“I’m looking to bring it all together, somehow.”
Nearing the finish line for IDW’s comic-book adventures of Mulder and Scully, The X-Files Season 10 Volume 4 collects issues 16 through 20 and tries to connect five standalone stories featuring most of the TV series’ main characters, but never fully resolving any of them. Sometimes the stories feel like a waste of time. There’s never enough pages needed to develop a complete story, only enough to jump into the action and wrap it up before moving onto another one.
In Immaculate, Joanie Cartwright is involved with an abortion-clinic bombing in a case that involves difficult decisions, guilt, demonology and an odd penance. In the small town of Murphysville, North Carolina, something has gotten into the townsfolk. Whether it’s a clash of personal values, religion, politics or something not of this Earth, the citizens are restless. Notable for briefly utilizing a Frank Black crossover (which makes sense, since IDW is doing a Millennium miniseries), the art isn’t anything to write home about (Frank Black looks more like his actor counterpart than this interpretation of Dana Scully, and that’s saying something!).
Even though it’s briefly mentioned here, Chris Carter and the Ten Thirteen Productions team has reiterated many times throughout the years: Frank Black is NOT a psychic! Misunderstanding the profiler’s abilities and stating it as a fact is just wrong. Coming from a Millennium fan, that’s blasphemous. Supposedly, Chris Carter is the Executive Producer to this comic series. If that were true (and these X-Files stories are actually canon), that element would have never been included in this book.
Great dialogue by Frank: “If you knew the things I knew, Agent Mulder… your hair would be gray too.” Trivia fun fact: Lance Henriksen HATED dying his hair black for the TV show and enjoyed his natural color making an appearance near the end of Millennium!
In the second story, Monica Reyes has been kidnapped and John Doggett has been overcome by a strange spiritual awakening. There’s really not a lot that happens here or really any character development taking place, whatsoever. Mostly a page-filler storyline featuring two missing-in-action agents. Skip this one.
The final story, G-23, is the biggest of the bunch. It attempts to move along the core mythology of the franchise, disclosing via a series of flashbacks that the U.S. government used UFO sightings (along with an experimental drug) in order to distract the general public during the Vietnam conflict and dissolve civil unrest during the ’60s. To be continued…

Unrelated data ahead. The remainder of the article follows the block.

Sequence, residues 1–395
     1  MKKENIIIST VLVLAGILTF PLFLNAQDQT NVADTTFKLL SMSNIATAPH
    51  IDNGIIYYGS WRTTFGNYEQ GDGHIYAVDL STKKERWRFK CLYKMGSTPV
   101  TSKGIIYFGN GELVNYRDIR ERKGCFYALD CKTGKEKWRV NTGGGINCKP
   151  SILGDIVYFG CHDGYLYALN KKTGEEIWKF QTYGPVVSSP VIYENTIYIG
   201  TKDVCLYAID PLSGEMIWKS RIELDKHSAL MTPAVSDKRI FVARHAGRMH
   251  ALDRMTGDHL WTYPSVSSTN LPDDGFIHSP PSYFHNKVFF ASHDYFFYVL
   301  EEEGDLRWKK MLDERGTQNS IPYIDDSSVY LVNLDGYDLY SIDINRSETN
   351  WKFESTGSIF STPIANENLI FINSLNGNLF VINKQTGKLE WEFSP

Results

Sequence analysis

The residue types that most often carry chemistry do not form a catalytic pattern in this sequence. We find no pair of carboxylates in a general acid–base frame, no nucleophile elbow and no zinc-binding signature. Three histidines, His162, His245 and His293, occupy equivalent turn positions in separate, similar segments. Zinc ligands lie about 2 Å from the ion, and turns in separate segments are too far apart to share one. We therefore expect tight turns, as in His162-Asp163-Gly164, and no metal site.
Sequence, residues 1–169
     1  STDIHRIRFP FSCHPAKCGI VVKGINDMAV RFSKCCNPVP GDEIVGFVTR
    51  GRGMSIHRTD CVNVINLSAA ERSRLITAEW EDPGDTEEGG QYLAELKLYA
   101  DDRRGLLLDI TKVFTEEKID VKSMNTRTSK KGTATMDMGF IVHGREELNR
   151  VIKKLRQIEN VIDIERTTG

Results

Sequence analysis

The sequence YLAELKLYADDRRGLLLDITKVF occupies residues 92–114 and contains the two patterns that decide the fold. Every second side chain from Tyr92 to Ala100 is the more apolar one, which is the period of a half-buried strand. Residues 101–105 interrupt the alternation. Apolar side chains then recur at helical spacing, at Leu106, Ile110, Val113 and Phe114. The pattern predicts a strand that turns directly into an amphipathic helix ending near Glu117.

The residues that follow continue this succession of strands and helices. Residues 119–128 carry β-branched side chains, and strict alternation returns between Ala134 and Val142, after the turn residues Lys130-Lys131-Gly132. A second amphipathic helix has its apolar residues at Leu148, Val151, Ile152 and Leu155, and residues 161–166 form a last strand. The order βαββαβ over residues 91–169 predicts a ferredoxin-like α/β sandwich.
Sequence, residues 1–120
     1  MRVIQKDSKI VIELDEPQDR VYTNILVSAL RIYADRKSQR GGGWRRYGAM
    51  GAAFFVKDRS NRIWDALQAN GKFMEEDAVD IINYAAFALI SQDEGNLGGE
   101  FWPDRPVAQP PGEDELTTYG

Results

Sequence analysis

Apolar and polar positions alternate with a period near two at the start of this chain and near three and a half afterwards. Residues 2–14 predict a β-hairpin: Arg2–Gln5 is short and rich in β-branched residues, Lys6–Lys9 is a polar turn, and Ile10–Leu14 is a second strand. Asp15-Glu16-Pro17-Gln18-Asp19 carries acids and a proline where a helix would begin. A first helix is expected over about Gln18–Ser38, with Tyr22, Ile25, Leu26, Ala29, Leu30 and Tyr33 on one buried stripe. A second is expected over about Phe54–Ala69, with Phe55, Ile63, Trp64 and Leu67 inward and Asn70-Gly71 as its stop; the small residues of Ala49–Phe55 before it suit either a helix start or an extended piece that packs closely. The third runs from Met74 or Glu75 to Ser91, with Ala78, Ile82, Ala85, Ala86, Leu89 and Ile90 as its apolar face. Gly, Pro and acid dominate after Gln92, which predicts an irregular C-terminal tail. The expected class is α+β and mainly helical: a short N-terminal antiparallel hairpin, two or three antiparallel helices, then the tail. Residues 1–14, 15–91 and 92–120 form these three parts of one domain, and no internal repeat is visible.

Looking at this collection as a whole, it feels like a huge stretch to create one overall storyline stretched over five issues to include all the major characters, while somehow never resolving any individual tales. Odd situations like characters talking to themselves as if they’re sharing an onstage monologue and an extended conversation involving a helpful Cigarette Smoking Man and Mulder, together, were both unbelievable and the worst offenders, here.
The art is still bad, the writing has slightly improved and Agents Mulder and Scully still seek the truth, but this version of the pair seems to conveniently forget (or better yet, ignore) the culmination of their previous nine years of working on the job together, as seen on the FOX network. At its peak, the TV show expertly dealt with rumors, conspiracies, governmental urban legends and unknown innuendos with abandon. Slowly but surely, this comic series has gained its footing and is slowly but surely climbing up to that level… it just took IDW 20 issues to get there.
Only five more issues remain to be released before Season 10 concludes, so that means there will be one more collection to wrap up this series. With Season 11 already announced (along with the introduction of a comic series devoted entirely to Millennium, IDW has succeeded in practically reviving the pop-culture cache of Ten Thirteen Productions. And with the announced six-episode event miniseries airing on FOX in 2016, this may just be the year to finally believe in Chris Carter’s creations having lives of their own, with or without his approval.
Strength: A Millennium crossover story! It’s the strongest of the bunch.
Weakness: Too bad Immaculate wasn’t extended to multiple chapters. It deserved more.
WTF Moment: Hopefully the upcoming Millennium series won’t include storytelling errors that conflict with the TV franchise. This X-Files series feels like it isn’t canon at times, so hopefully Frank Black’s stories don’t get misconstrued as well.
– “Faith is favored.”
– “They forgot about all of us.”
– “All around us are angel’s wings…”
– “Everybody lets their parents down sometimes.”
– “I know how they look at episodes like this one.”
– “This stuff truly does bring out the worst in people.”
– “Sounds like the kind of thing an autopsy would shed some light on.”
– “Sometimes the most devious of conspiracies are hidden in plain sight.”
– “Not all of those called will listen. But everyone will answer soon enough.”